1. The exposition of a story occurs for three reasons: to provide necessary background, to establish the setting, and to introduce the characters.
It occurs at the beginning of a story, in this case “His wife had often criticized…” and “They were standing on the edge of an old mine shaft…” and “He was a writer of detective stories. These paragraphs all help to set the stage for the action that will unfold.
Rising Action refers to the events of a dramatic or narrative plot unfolding prior to the climax. Rising action occurs as the main conflict unfolds, creating a sense of heightened suspense as the audience becomes more and more engaged in the story.
The rising action in the story Twins happens as the couple tries to “walk through” the plot of the writer’s story in order to see if there are any gaps. “That was research. Unless you make your villain a writer, you’re going to have trouble…” to the point when Lucy is about to leave, stating that they’d better be getting back.
Climax is a structural part of a plot and is at times referred to as a crisis. It is a decisive moment or a turning point in a storyline at which the rising action turns around into a falling action. Thus, a climax is the point at which a conflict or crisis reaches its peak that calls for a resolution or denouement
In the story it occurs at the point when the character pulls the trigger once, twice, three times. The story reaches its peak, and now the audience must prepare mentally for the outcome of the story.
The falling action refers to the part of the narrative between the climax and the resolution. IN the story Twins, this happens between “Everything else went smoothly…” and finishes with “All she had to do was nurse her grief…” Here, the details of the narrative begin to become clear and the audience realizes that the wife has turned tables on the husband, and used his plot to execute her perfect murder.
Finally, the resolution is the point of the story where all the loose ends are tied up and the main conflict is resolved. In the story Twins, the resolution or denouement occurs when the audience learns of Lucy’s finding her husband’s tackle box, make-up kit and gun just prior to their trip to the mine. This gives the reason why Lucy has murdered her husband as well as explains how she is likely to get away with it. We now have all the answers!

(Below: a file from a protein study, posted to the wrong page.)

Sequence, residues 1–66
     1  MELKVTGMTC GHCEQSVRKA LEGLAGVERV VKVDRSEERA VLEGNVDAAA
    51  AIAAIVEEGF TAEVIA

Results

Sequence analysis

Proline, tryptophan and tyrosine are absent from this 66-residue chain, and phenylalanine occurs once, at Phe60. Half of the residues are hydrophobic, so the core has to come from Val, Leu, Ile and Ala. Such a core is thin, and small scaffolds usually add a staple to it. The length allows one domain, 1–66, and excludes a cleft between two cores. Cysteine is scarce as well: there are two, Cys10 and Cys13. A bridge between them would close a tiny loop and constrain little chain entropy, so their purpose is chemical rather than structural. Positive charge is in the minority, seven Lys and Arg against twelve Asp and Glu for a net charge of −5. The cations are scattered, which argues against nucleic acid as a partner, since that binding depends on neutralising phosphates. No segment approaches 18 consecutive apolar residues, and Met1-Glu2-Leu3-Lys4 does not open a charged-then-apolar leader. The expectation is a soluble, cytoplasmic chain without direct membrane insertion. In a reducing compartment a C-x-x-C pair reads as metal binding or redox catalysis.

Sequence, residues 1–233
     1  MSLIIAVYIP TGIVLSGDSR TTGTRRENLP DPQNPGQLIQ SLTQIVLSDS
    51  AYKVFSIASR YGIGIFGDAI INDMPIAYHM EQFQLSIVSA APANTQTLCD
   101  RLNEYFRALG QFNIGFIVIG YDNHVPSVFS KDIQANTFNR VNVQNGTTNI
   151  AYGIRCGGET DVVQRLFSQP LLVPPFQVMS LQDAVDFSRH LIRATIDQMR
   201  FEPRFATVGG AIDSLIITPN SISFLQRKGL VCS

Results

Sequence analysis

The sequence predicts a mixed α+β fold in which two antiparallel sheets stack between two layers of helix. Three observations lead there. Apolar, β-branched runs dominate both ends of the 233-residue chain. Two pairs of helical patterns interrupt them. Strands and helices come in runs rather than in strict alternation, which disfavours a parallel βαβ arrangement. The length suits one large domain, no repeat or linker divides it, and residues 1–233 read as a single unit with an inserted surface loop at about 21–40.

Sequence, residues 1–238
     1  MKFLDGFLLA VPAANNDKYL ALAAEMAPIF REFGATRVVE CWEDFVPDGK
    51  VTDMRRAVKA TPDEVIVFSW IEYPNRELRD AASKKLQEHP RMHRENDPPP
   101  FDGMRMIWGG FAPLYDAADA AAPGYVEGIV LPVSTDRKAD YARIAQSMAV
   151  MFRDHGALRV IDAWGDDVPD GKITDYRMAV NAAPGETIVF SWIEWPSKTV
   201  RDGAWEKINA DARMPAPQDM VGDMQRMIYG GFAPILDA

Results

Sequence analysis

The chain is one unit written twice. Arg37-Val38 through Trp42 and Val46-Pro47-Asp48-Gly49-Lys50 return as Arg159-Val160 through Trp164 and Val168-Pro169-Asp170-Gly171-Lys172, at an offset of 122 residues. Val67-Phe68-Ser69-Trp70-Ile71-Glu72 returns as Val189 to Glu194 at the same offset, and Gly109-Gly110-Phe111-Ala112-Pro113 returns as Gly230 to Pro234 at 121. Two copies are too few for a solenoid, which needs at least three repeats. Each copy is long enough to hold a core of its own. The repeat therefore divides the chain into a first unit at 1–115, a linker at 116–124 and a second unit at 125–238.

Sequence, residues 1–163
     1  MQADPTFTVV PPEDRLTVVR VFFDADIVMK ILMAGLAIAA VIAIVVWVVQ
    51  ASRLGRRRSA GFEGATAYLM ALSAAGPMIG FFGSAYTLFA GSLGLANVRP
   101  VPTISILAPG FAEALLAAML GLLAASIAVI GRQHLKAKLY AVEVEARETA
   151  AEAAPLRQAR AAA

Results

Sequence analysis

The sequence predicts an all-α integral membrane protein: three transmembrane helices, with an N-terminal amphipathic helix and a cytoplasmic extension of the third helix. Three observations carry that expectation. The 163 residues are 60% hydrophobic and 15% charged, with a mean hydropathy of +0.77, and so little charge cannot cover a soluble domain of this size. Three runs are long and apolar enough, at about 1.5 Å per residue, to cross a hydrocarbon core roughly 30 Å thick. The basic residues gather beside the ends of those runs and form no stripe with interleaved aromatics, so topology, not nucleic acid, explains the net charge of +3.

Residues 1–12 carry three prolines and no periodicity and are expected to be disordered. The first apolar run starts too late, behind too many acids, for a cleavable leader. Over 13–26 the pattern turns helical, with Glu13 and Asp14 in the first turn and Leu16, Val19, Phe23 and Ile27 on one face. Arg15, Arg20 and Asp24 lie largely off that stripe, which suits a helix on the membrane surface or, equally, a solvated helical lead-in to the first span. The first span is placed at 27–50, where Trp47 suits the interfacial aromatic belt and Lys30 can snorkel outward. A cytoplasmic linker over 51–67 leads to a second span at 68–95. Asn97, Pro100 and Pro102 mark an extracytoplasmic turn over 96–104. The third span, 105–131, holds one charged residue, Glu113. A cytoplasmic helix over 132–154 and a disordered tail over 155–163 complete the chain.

2. Irony is a literary device that means "dissimulation, feigned ignorance". It is a rhetorical device, literary technique, or event in which what appears, on the surface, to be the case, differs radically from what is actually the case. Irony may be divided into categories such as verbal, dramatic, and situational.
In the story “Twins”by Eric Wright, the author uses situational irony to heighten the suspense. The first example is when the husband takes Lucy out to “walk the course” of his plot. In fact, rather than having her support, he’s luring her to the remote destination so he can actually murder her, and all in the same way and for the same reasons that he has given in his story’s plot. The detective story is a ruse. The audiences’ interest is piqued by the clever twist in what, on the surface, seems to be a supportive wife helping her husband’s storyline. Another example occurs when Lucy turns the tables on her husband and then uses his plot ideas to get away with killing him. When the husband pulls the trigger once, twice, three times, the audience likely suspects that the writer has killed his wife, and will now follow his own plan to escape prosecution. When we dig deeper, however, we realize that Lucy has succeeded in killing her husband instead: “After that it was just a matter of getting hold of a gun herself, and giving him every chance to prove her guess was wrong. The rest went exactly as planned.”
3. A thematic statement that fits with the story Twins is that sometimes we can be deceived by the people we should most trust. This is the case with both Mr. and Mrs. Coates in the story, as each character betrays the other’s trust. Mr. Coates, for example, has cheated on his marriage vows by keeping a mistress: “They did establish he had a girlfriend tucked away in a condominium on Sherbourne Street…” In that regard, however, Mrs. Coates also deceives her husband when she hides the fact that she’s aware of the girlfriend: “If she had not known about the lady in the condominium…” The ultimate betrayal of each character is, of course, when they plot murder. Mr. Coates uses his story as a guise for getting Lucy out where he can kill her; Lucy, having discovered the plot, deceives Mr. Coates by stealing his ammo and then using his own plot against him. Deception is the key to all the twists in the story.